ASU students take challenge to live on $2 a day

November 13, 2013

Imagine what it would be like to live on $2 a day. Forty-five percent of the world’s population does it. Could you?

Arizona State University students on the Polytechnic campus have been doing so this week, starting Nov. 12 and continuing through Nov. 15. They have made a pledge to abstain from modern-day luxuries and challenge themselves to confront poverty head-on. Download Full Image

The Two Dollar Challenge, a national experiential learning exercise and poverty action program, is designed to give students an opportunity to step out of their daily lives and more tangibly reflect upon the daily and prolonged challenges of living in poverty while raising awareness and funds to support economic development organizations.

The ASU students are raising money for Esperança. Their mission is improving health and providing hope for families in the poorest communities of the world through sustainable disease prevention, education and treatment.

There are approximately 15 students who are taking the challenge, as well as another 15 students who are helping with fundraising. ASU organizations such as Changemaker Central, Green Devils Sustainability Club, Undergraduate Student Government , Graphic Information Technology Club and the Residence Hall Association are all involved.

“The Two Dollar Challenge goes beyond a typical charity drive in that, through the experience and accompanying discussion, students are educated on the complexity of world poverty,” said group leader Mentor Dida, an alternative energy and technologies student in the College of Technology and Innovation from Kosovo, Prishtina. “Student groups can become immediate actors in the eradication of global poverty and gain the experience to become passionate leaders in the field for the future.”

In addition to living on $2 a day, the students are living in a cardboard house located in front of the Student Union. From their “home” they are engaging the community and helping raise awareness about global poverty.

So, how are they doing living on $2 a day?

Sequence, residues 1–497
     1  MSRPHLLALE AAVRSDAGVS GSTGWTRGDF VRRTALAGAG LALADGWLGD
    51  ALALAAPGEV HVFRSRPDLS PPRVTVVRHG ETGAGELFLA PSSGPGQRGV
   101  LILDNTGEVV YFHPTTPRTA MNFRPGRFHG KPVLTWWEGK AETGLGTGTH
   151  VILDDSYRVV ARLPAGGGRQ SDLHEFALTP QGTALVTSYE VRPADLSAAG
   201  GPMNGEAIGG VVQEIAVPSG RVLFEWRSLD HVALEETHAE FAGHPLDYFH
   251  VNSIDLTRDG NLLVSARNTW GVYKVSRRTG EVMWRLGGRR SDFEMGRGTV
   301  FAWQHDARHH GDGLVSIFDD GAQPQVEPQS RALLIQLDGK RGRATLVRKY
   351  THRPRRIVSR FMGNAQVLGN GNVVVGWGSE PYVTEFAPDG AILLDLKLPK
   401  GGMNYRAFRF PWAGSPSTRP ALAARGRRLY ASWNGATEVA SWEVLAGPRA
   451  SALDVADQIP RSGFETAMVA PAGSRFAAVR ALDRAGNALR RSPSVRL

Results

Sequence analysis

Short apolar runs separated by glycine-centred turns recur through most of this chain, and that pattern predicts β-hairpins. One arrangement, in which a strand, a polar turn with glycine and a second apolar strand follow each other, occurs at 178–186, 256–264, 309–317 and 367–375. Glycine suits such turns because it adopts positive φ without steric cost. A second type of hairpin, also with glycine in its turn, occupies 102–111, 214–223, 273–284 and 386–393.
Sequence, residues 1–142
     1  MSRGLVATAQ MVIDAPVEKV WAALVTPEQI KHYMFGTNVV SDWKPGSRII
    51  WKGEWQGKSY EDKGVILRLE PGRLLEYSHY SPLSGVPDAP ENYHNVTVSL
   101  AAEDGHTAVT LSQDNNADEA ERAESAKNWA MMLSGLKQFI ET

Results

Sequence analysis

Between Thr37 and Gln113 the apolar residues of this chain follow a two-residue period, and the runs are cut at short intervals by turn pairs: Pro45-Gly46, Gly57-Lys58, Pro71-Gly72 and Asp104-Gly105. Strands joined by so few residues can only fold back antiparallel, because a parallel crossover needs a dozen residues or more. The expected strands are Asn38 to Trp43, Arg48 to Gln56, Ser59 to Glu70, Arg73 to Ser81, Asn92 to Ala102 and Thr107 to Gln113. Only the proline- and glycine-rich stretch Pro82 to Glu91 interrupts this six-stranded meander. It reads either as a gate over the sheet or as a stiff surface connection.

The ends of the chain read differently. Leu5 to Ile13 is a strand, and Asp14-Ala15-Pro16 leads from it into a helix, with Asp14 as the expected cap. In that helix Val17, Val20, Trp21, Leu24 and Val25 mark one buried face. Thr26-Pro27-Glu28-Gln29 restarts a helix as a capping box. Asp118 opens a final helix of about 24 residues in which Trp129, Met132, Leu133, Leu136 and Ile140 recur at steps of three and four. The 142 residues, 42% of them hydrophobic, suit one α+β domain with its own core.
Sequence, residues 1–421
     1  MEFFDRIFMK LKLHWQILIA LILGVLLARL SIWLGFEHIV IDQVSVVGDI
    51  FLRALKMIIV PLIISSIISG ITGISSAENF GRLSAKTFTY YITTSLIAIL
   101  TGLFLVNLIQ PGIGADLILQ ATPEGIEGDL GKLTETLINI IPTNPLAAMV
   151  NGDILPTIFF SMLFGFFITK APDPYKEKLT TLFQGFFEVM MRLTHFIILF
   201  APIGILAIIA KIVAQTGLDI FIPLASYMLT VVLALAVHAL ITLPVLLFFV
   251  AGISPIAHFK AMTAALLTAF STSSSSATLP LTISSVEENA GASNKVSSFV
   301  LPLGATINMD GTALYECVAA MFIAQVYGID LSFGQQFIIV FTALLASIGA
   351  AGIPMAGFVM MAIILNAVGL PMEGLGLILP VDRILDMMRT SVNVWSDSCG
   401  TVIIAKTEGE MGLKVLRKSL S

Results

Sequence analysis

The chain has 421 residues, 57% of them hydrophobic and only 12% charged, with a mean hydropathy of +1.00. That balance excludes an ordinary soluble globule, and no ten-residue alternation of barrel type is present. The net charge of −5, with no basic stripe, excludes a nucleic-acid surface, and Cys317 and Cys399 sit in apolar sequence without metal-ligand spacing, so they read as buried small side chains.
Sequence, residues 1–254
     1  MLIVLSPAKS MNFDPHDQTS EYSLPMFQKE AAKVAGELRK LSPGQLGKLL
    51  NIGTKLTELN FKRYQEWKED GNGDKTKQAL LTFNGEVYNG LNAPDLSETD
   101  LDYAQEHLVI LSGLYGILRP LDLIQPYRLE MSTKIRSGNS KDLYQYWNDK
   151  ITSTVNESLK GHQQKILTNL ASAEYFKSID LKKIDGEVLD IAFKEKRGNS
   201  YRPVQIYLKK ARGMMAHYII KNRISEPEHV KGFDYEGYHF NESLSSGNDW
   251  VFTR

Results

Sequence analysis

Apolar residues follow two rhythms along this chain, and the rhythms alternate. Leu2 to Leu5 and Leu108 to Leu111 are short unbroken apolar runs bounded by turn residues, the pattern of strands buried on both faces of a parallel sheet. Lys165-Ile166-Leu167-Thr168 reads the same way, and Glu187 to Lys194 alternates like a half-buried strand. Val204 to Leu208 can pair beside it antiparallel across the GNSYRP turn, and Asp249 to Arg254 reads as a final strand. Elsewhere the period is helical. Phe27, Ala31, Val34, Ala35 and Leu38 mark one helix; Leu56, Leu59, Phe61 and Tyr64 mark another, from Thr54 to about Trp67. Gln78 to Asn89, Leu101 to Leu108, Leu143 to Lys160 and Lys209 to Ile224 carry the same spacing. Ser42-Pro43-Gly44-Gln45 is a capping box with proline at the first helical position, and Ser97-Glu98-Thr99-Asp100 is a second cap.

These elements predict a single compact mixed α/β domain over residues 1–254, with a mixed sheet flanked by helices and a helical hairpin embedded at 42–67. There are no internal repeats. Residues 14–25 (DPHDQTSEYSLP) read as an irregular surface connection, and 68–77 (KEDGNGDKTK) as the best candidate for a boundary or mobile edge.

“While taking the challenge last semester, we learned that $2 a day is not enough for a person to survive,” said Dida. “Our strategy is combining all of our $2 in order to buy food for the masses.”

Dida said the students would like to thank the following groups for helping organize the challenge: the Dean's Office at ASU Polytechnic, Changemaker Central, Undergraduate Student Government, Green Devils, Career Preparation, Residential Hall Association, Graphical Information Technology Club and Gourmet Devils.

Donations are being accepted at their cardboard house or through their website at:

Sharon Keeler

Karin featured in Huffington Post blog

November 13, 2013

Marcy Karin, associate clinical professor of law and director of the Work-Life Policy Unit of the Civil Justice Clinic, recently wrote a blog post featured on the Huffington Post website, titled “Updates From My Inbox: New State and Local Work-Life Laws.”

In it, Karin writes about a trend in work-life laws she has noticed in email alerts from various news sources, organizations, government agencies and other stakeholders. Download Full Image

“In a year marked by Congressional deadlock on the national level, states and localities are creating a series of work-life policies that offer a range of protections to advance the interests of workers, families, employers and communities,” she wrote.

To read the full post, click here.

Karin teaches courses on workplace flexibility law and policy, employment law and policy, and legislation. She also supervises and instructs student attorneys working on behalf of clients and the community in the Work-Life Law and Policy Clinic. Karin’s other research interests include legislative lawyering, civil justice for military families and women’s legal history.